The decision to file for bankruptcy is rarely a flippant one, and often accompanied by a lot of insecurity and doubt. What will this mean for your financial future? How will this affect your credit? Which chapter of bankruptcy is even appropriate for your situation? These and many other questions may be on your short list to discuss with a legal professional.
If you’re filing personal bankruptcy, you’re likely deciding between chapter 7 bankruptcy and chapter 13. Let’s take a look at the similarities and differences between these two types of bankruptcy and help you sort out which is the better option for you.
What is Chapter 7 Bankruptcy?
Chapter 7 bankruptcy is also known as liquidation bankruptcy. This means that your debts and responsibilities to creditors will be lumped into a single sum and liquidated, as close to entirely as possible. This type of bankruptcy is an option for both individuals and businesses.
Many people find chapter 7 bankruptcy to be the more appealing at first glance because they know that most of the debt that is wiped out during this process won’t have to be repaid. In addition, most creditors will be barred from continuing to contact you in an effort to collect repayment of debts, as ordered by the automatic stay placed on debtors in chapter 7.
This all sounds pretty great, but there are more things to consider before choosing chapter 7 than simply what you have to gain. You must also think about what you have to lose. In the case of chapter 7 bankruptcy, any property or assets you have that are not secured by a bankruptcy exemption are subject to being sold by your bankruptcy trustee to offset costs associated with your overall debt. The only way to keep from losing major property and assets in this process is for them to either be exempt or not to have anything worth selling in the first place.
Still, chapter 7 bankruptcy carries a lot of positive weight for those who feel they are drowning in debt they’ll never be able to repay. Once a filer takes the means test and receives a result that indicates an inability to repay creditors, chapter 7 filing can begin and legal and financial counseling can be scheduled to assist debtors through the process.
What is Chapter 13 Bankruptcy?
Another name for chapter 13 bankruptcy is a reorganization bankruptcy. This means that instead of your overall debt being virtually wiped out – as it is in chapter 7 bankruptcy – you will work with your legal team to reorganize that debt and create a repayment plan that is manageable with your current income and assets. This option is available only to individuals, although this includes sole proprietors of small businesses.
For some people, chapter 13 automatically sounds like the best choice because property is almost always kept by the debtor involved. However, that debtor is responsible for paying creditors the full, face value of those assets toward their debt, meaning that those who do not have a way to pay this sum should reconsider chapter 13 as an option.
Other reasons to consider chapter 13 over chapter 7 bankruptcy include:
- Being in debt for a house or vehicle and having fallen behind on payments but wishing to keep the property.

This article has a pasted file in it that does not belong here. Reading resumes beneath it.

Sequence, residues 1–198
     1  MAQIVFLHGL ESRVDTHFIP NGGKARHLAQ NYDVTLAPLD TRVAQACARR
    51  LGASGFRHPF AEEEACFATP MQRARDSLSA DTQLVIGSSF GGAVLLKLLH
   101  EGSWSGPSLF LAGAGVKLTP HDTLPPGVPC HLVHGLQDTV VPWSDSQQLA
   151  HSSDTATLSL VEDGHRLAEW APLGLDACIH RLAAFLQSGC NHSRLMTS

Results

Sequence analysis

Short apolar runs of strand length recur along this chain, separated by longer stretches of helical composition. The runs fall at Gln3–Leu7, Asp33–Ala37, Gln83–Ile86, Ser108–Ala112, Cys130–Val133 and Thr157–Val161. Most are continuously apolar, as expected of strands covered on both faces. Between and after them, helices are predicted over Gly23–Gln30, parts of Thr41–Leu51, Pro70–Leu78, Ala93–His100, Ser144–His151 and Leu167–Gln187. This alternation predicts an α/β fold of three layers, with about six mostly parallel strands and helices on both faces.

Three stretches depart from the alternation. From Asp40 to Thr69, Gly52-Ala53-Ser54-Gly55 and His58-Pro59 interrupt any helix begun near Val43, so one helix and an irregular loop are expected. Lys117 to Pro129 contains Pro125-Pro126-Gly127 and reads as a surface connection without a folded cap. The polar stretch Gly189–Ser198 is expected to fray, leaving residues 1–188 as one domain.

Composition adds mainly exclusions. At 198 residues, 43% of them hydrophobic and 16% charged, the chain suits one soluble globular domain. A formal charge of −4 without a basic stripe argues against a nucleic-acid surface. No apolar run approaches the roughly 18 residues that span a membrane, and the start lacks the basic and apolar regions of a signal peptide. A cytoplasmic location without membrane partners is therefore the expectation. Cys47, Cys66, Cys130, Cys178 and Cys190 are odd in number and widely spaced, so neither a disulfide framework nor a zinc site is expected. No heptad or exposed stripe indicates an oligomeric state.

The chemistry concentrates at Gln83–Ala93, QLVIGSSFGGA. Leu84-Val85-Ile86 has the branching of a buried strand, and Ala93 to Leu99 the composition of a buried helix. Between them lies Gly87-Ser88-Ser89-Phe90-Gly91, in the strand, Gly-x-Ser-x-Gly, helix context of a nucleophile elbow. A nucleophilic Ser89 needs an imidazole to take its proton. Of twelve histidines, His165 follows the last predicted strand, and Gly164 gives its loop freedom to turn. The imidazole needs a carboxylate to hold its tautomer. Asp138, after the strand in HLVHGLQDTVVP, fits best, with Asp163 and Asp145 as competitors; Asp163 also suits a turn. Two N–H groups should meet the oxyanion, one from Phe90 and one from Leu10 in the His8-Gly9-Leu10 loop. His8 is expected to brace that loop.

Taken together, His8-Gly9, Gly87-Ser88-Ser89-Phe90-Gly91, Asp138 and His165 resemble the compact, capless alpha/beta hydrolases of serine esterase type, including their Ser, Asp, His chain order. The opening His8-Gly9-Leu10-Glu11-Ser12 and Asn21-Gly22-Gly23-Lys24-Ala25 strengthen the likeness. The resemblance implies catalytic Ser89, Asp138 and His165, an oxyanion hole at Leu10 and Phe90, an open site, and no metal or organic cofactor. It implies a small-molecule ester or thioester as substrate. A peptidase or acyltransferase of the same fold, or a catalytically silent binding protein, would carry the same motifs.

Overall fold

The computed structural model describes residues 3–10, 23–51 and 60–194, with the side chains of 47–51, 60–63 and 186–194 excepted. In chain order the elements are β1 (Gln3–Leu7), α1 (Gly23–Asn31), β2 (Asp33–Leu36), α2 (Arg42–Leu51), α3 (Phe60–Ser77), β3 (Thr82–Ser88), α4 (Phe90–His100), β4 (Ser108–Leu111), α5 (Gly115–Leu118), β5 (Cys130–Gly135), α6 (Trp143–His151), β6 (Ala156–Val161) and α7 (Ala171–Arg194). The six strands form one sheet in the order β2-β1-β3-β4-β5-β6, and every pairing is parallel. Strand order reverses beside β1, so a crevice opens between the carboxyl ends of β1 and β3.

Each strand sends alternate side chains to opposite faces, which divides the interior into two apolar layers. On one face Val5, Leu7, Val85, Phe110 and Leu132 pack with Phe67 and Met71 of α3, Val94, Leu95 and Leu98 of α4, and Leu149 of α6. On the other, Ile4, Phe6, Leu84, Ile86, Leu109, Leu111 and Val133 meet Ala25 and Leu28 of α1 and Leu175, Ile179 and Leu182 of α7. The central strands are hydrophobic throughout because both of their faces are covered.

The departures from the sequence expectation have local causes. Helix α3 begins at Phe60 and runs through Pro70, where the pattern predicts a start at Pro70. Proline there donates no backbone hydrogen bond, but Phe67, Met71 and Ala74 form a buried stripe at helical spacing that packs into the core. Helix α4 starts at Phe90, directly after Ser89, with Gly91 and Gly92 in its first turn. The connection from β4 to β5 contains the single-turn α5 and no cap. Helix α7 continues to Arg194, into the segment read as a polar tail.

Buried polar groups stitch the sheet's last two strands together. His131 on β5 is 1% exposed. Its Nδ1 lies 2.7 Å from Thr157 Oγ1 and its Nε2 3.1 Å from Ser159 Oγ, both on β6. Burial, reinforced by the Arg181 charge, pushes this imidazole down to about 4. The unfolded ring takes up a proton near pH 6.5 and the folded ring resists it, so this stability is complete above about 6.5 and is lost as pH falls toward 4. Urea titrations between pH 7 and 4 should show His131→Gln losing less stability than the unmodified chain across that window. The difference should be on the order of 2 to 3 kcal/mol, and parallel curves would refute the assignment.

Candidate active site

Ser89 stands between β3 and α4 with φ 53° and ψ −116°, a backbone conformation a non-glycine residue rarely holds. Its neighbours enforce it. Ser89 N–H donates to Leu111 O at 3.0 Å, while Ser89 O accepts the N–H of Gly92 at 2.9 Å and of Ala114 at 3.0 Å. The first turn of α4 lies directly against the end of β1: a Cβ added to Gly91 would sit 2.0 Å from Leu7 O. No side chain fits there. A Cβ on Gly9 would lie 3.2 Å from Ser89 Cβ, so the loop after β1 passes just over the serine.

- Being in arrears of child support, alimony, or other non-dischargeable debts that the debtor intends to pay off within the next several years.
- Wishing to stop wage garnishment, but not qualifying for a chapter 7 bankruptcy
- Looking to reduce credit card payments without filing for chapter 7
- Otherwise looking for debt relief but unable to or uninterested in filing chapter 7
While neither form of bankruptcy is an ideal situation, some people who don’t need or want to go through with a chapter 7 find that the chapter 13 offers great benefits and can help them substantially reduce debt and improve their financial situation.
How Do I Determine Which Bankruptcy Chapter is Right for Me?
Typically, the type of filer you are and the amount of income you have to reasonably put toward your debt will be the primary determining factors in whether you should choose chapter 7 bankruptcy or chapter 13. However, there are some other differences that can be determining factors as well. Some of these are:
- How much total debt you have. In order to qualify for chapter 13 bankruptcy, you will need to have less than $394,725 of unsecured or $1,184,200 of secured debt.
- How long your settlement takes. Discharge from chapter 7 bankruptcy typically takes anywhere from three to four months, while chapter 13 may take three to five years.
- Fate of property. While chapter 13 filers will not lose property, they are required to continue to pay any unsecured creditors amounts equal to the value of those assets. In chapter 7, assets may be seized and sold as part of the liquidation of debt.
The fate of liens and the reduction of principal loan balances on secured and unsecured debt also vary between the two types of bankruptcy chapters. For more information about this – and if either of these or any other factors apply to your choice – consult your legal professional.
How to Find Help
So, you know you need help preparing and filing for bankruptcy, but you’re still not sure where to start. That’s okay! Today’s lawyers are experienced with helping clients just like you navigate situations that are often far more confusing than they should be.
To find help in your area, look for legal assistance websites or applications that guide you to local law practices. This can help you make the connection with a specialized bankruptcy lawyer who understands your unique situation and is ready to help from the moment they pick up the phone.
Regardless of which chapter of bankruptcy you choose to file for, you don’t have to go it alone. Talk to your lawyer, take your time in filing, and remember – this is not the end of the road, but a new beginning to a better financial future!